Rohrbach Ro-VIIIa Roland and its pilot Charpentier at Geneva-Cointrin airport (1929)
It is a semicantilever monoplane with dihedral and one cable from each half of the wing to the. bottom of the fuselage.
The wing is rectangular with tips rounded.    The fuselage has a rectangular section with well-rounded upper edges.   
This airplane can fly five hours with two pilots and ten passengers. The axle of each wheel is hinged to the lower fuselage
longeron and is held in position by a horizontal strut hinged to the same longeron farther forward.    It is also connected
with the wing by a vertical spring strut-   The vertical struts are provided with spiral springs which act as shock absorbers.
The wheels have wire spokes, steel rims and rubber tires 1250 x 250 mm (49.2 x 9.8 in.).
The passenger cabin has a length of 5 m (16 ft- 5 in.), in-side width of 1-55 m (5 ft. 1 in.) and inside height of 1.8 m (5 ft. 11 in.)  (standing height); seats for ten passengers; plywood floor; leather upholstering to the window sills and cloth above; seats in two rows with aisle between;  ten windows 600 x 530 mm (23.6 x 20.9 in.); cranks to open and shut the windows; racks for hand baggage and handles for holding on to; openings in the ceiling for ventilation; device for utilizing the heat from the exhaust gases to rarm the air;  electric lights; emergency exits through cloth-covered openings in the ceiling; toilet room behind the cabin.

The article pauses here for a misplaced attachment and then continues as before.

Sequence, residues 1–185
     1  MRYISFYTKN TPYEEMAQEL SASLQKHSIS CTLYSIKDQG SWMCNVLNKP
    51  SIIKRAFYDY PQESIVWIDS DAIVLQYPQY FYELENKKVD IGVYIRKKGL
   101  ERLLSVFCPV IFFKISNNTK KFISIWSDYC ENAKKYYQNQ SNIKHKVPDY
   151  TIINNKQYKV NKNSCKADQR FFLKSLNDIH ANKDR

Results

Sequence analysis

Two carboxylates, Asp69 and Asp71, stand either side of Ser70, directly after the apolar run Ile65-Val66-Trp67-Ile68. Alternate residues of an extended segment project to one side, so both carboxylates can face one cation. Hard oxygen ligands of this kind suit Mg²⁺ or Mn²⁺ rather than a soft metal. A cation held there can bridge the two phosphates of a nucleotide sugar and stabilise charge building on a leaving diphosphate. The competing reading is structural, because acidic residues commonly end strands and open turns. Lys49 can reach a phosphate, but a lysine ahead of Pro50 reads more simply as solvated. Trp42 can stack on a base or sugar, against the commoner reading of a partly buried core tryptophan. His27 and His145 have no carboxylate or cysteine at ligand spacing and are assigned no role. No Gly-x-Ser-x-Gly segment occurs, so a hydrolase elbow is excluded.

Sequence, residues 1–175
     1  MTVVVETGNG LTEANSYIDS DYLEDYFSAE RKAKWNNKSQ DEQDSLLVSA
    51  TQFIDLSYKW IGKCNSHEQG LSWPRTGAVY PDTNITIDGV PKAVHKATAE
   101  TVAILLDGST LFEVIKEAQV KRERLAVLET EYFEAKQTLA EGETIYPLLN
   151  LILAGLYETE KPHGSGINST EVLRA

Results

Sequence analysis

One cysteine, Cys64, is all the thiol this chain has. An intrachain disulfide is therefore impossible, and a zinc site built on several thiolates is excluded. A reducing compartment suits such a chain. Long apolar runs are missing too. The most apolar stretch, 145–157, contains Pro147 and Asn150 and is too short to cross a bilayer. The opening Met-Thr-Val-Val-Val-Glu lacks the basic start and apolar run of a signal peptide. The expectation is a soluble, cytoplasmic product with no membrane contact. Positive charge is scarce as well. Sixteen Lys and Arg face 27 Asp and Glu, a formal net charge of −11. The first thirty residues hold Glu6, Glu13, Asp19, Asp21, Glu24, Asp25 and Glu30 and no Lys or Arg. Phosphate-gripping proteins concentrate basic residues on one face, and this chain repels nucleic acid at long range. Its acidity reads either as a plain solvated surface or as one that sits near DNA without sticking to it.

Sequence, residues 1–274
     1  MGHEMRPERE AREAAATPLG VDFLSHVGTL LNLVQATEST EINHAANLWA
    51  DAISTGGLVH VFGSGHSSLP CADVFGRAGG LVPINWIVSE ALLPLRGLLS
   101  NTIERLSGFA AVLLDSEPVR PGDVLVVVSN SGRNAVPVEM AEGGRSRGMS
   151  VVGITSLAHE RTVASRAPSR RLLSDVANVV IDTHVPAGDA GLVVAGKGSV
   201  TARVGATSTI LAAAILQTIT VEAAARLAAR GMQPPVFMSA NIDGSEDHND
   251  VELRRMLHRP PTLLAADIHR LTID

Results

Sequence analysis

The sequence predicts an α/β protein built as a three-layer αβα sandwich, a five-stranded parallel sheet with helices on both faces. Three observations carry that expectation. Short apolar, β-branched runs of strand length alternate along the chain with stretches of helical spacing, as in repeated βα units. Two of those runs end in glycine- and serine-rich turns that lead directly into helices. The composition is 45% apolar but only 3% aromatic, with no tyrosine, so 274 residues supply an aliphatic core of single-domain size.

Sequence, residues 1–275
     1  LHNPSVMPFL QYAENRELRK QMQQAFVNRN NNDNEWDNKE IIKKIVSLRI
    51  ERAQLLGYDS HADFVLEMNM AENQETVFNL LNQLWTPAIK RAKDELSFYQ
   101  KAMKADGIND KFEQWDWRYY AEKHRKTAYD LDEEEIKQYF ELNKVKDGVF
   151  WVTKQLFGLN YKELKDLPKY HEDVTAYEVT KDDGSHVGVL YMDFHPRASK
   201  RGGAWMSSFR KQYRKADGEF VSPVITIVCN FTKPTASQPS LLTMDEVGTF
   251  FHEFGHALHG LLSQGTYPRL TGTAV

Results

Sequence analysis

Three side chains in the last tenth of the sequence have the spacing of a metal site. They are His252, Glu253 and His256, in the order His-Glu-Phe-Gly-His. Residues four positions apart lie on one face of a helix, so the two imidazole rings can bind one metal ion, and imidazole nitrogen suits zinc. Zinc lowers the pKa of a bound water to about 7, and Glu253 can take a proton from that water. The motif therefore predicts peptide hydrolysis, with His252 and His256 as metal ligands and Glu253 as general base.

The pilots* cockpit is in the front end of the fuselage and is accessible from above.    It contains two adjustable seats abreast, provided with arms and straps.    The dual control consists of steering wheels and rudder bars.    The visibility is good in all directions, even backward and above and below the wings.
The baggage room in the rear part of the fuselage is accessible from without through a door 1.4 x 1.1 m (4 ft. 7.1 in. x 3 ft. 7.3 in.) and also from the passenger cabin.    A spare engine can be carried in the front part of the passenger cabin. The power plant consists of three 230 HP. BMW IV engines. The middle engine is in the front end of the fuselage and the two lateral engines are supported by steel girders suspended from the wings.    All the engines are easily accessible. Starting is by merns of three very large compressed air cylinders placed below the pilots .compartment.    In order not to use the compressed air unnecessarily, the air cylinders available on the airdrome can be plugged into the starting lines on the airplane by means of a fuselage connection. The radiators of the side engines are located laterally under the wings; that of the middle engine, under the fuselage. Fuel delivery from the tanks to the wings is effected by pumps. The fuel is protected against fire by fire cocks.    The oil supply is 50 % over normal needs; an oil cooler is used. Engine control is accomplished through rods.    The short-circuiting of each magneto is possible separately or all together.   Wood propellers of the usual type or metal propeller, if preferred, can be employed.